Is Donald Trump really worth the billions he claims? Informed business sources on both coasts say that Trump's far-flung business empire is leveraged to the hilt and may not be producing the mountains of cash The Donald would like. Trump, 43, has estimated his assets as being worth as much as $5 billion, but it is liabilities subtracted from assets that determines true net worth.
Donald's problems include the Taj Mahal, his new hotel and casino set to open in Atlantic City next month. According to industry analysts, the Taj will require at least $1 million a day in revenue just to break even. And Trump-watching sources say that revenues are down at another of his properties there, the Trump Plaza. Elsewhere in Trump's empire, the famed Plaza Hotel in New York City, which Donald bought in 1988, continues to scrape by after a $50 million face-lift.
Of course, Trump does boast some pretty nifty ego-enhancing assets, including the Mar-A-Lago estate in Florida and the Trump Princess yacht. These, however, are non-income producing.
Given all this, Trump's business rivals are hoping for a very public divorce battle. Reasoned one New York City real estate owner: "If Ivana [Trump] gets him into court, it'll gel real embarrassing for Donald if he's forced to admit that his true net worth is considerably less than he makes it out to be."
Talk show host Arsenio Hall, 32, wants to give the hardest-working man in show business a job. Hall has offered singer James Brown, 61, presently an inmate at State Park Correctional Center, near Columbia, S.C., a job on his syndicated show. Brown, who has been in prison since the end of 1988 for aggravated assault and failure to stop for a police officer, is currently eligible for a work-release program provided a suitable job can be found within the state. An Arsenio rep says Hall has sent a letter to Brown offering to "create a position" for him and says Brown could do his segments by phone or satellite. Hall is now waiting to hear from the Godfather of Soul.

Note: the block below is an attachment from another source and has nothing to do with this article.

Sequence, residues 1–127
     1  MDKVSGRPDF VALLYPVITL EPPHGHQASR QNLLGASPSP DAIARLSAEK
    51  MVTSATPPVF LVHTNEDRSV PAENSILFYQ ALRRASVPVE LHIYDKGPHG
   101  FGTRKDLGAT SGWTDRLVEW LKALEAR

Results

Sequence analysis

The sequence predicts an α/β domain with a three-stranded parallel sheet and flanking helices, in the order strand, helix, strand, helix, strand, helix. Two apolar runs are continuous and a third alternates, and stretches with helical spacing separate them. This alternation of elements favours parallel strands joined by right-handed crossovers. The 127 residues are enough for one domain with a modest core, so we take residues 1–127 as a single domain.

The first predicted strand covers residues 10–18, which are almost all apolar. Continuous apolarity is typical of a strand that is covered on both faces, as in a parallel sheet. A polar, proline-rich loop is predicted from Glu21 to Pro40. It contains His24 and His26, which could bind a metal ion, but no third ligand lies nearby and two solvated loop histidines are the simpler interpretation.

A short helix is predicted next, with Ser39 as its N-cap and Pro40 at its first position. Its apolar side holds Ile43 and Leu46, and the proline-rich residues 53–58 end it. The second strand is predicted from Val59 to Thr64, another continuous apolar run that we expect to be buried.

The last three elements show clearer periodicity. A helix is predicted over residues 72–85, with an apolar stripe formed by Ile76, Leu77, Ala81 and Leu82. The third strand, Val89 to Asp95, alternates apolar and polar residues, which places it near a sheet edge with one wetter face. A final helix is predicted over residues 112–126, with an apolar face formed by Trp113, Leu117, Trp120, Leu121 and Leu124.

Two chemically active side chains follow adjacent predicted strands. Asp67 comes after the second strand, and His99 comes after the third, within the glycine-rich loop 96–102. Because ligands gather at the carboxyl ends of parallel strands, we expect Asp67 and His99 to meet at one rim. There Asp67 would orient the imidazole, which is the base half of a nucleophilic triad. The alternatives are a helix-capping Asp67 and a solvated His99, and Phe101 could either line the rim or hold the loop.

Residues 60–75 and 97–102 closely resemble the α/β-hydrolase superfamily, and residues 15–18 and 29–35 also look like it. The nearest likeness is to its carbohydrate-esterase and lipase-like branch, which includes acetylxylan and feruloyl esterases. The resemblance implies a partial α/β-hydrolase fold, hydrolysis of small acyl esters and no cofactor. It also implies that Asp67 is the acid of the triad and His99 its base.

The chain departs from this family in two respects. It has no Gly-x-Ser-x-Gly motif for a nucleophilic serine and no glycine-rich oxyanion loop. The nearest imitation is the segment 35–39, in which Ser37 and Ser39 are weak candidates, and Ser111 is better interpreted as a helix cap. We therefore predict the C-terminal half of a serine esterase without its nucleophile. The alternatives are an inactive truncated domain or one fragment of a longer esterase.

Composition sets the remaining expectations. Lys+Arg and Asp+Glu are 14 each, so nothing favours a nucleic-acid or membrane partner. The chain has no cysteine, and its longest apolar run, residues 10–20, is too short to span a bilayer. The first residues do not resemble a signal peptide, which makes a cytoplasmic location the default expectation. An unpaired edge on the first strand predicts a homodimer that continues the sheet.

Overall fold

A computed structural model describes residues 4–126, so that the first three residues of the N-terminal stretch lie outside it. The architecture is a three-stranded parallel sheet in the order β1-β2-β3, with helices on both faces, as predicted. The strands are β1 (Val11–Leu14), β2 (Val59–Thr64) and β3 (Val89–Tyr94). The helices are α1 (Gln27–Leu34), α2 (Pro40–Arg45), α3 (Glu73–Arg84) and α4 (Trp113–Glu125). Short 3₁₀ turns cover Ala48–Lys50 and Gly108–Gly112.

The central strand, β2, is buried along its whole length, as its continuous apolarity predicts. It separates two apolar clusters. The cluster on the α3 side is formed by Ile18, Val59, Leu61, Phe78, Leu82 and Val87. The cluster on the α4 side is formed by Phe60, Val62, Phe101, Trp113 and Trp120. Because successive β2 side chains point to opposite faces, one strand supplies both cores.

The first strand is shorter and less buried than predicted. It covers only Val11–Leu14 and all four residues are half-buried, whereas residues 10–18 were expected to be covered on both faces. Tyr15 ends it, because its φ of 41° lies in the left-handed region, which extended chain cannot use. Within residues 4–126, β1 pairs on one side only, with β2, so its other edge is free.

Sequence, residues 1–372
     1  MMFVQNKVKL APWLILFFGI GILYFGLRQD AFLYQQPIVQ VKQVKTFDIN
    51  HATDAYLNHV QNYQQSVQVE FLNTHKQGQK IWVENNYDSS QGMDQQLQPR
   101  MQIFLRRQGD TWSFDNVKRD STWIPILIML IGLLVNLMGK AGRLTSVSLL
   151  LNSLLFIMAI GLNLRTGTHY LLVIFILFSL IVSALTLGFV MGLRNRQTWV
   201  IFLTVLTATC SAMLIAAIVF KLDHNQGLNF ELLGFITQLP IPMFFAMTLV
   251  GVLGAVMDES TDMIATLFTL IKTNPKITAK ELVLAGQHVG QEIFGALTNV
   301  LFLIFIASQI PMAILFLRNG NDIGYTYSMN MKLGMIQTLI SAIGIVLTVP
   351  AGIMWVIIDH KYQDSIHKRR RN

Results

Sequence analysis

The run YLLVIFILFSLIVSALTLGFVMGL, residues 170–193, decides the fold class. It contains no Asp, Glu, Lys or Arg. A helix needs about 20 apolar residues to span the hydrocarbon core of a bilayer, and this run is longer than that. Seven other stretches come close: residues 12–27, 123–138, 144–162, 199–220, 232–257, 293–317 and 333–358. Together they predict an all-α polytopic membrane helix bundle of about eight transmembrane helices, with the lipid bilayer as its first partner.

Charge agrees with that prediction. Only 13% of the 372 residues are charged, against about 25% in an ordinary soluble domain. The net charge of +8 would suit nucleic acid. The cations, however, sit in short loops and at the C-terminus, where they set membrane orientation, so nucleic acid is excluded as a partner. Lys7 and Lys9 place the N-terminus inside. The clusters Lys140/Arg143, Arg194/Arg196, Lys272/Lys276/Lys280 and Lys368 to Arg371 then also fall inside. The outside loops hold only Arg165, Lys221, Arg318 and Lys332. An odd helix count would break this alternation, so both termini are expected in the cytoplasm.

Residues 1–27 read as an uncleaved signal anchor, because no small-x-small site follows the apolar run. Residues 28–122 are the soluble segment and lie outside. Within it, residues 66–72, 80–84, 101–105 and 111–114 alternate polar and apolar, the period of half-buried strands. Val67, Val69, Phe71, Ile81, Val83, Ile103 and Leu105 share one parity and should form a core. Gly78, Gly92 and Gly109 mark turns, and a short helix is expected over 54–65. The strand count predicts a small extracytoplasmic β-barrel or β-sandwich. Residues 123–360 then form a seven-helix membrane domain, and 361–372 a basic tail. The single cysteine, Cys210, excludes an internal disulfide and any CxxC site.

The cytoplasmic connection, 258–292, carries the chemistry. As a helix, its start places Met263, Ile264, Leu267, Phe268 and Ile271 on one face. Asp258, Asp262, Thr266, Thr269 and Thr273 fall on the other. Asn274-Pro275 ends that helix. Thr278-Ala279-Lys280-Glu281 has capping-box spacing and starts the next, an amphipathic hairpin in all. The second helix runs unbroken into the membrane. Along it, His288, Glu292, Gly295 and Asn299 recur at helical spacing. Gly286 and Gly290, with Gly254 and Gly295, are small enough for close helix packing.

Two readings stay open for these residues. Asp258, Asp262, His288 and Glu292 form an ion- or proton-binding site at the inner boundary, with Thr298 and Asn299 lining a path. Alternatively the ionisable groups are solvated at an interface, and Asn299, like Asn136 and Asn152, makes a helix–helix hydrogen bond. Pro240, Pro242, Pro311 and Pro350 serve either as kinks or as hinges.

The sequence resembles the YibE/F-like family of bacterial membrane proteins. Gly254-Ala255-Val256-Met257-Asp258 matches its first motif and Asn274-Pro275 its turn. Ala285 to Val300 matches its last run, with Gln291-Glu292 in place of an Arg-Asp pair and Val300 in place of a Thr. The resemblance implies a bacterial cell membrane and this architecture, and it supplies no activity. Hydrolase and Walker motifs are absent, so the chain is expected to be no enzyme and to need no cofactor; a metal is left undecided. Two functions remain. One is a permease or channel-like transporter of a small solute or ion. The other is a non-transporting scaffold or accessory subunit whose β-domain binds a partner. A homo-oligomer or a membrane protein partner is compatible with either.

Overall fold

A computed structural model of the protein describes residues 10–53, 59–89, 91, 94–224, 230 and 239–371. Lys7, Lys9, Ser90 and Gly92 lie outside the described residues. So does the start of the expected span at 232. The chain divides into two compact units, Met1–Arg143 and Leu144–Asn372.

MOM'S THE WORD
CBS is developing a morning talk show that would pair Cher's mother, Georgia Holt, and Sylvester Stallone's mother, Jacqueline, as hosts. "Honey, there's nobody like us," says Holt, 62, who realizes that a successful show will depend more on the chemistry between herself and Mrs. Stallone than the fact that they have famous offspring.
Asked how Cher feels about the project, Holt said, "She thinks it's terrific."
Of his mother's participation, Sly said, "They have finally found the person who gets up early enough to wake the roosters."
Move over, George Burns. Someone else is going to play God in a movie. Namely Charlton Heston, 65, a man who knows his Bible, having already been the voice of God in 1956's The Ten Commandments, though he is better remembered as Moses in that film.
Heston's God will appear as a cameo in Paul ("Crocodile" Dundee) Hogan's next film for Paramount, Almost an Angel. Chuck will shoot the part in a day and will receive no billing in the credits. Says Heston: "God doesn't need billing."